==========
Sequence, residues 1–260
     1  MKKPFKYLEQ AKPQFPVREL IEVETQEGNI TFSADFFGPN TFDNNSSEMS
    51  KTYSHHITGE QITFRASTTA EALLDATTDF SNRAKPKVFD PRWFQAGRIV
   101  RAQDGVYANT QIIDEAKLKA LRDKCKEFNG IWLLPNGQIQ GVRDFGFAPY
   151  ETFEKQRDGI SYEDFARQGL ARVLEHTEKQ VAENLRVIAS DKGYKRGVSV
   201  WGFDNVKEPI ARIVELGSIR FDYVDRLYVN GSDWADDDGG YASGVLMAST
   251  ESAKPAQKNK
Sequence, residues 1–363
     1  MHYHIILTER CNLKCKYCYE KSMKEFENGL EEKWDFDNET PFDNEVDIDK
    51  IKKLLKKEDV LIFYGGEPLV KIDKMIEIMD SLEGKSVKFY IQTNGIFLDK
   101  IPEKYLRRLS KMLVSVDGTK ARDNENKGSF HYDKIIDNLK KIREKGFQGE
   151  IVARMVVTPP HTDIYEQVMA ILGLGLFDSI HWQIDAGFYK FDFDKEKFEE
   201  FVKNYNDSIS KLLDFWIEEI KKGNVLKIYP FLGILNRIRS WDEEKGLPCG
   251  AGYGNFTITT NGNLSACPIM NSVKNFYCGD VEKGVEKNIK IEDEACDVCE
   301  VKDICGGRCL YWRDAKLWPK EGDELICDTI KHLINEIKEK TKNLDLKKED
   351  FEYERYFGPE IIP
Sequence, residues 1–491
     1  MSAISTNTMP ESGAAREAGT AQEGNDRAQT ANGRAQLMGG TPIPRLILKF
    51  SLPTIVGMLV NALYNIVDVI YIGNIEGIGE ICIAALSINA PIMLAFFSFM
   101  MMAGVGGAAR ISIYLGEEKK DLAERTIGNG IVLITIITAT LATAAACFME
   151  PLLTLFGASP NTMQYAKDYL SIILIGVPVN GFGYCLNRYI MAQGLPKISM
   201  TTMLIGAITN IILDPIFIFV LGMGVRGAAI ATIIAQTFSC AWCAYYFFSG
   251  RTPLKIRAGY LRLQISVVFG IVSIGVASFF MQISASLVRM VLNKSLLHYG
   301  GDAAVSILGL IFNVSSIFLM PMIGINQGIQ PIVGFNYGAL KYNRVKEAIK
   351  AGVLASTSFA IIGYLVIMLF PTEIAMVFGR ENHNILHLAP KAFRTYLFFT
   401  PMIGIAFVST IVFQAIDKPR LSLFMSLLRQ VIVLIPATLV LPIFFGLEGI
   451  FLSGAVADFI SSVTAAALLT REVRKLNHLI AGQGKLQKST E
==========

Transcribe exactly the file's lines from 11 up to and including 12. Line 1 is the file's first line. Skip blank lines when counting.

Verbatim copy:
   101  IPEKYLRRLS KMLVSVDGTK ARDNENKGSF HYDKIIDNLK KIREKGFQGE
   151  IVARMVVTPP HTDIYEQVMA ILGLGLFDSI HWQIDAGFYK FDFDKEKFEE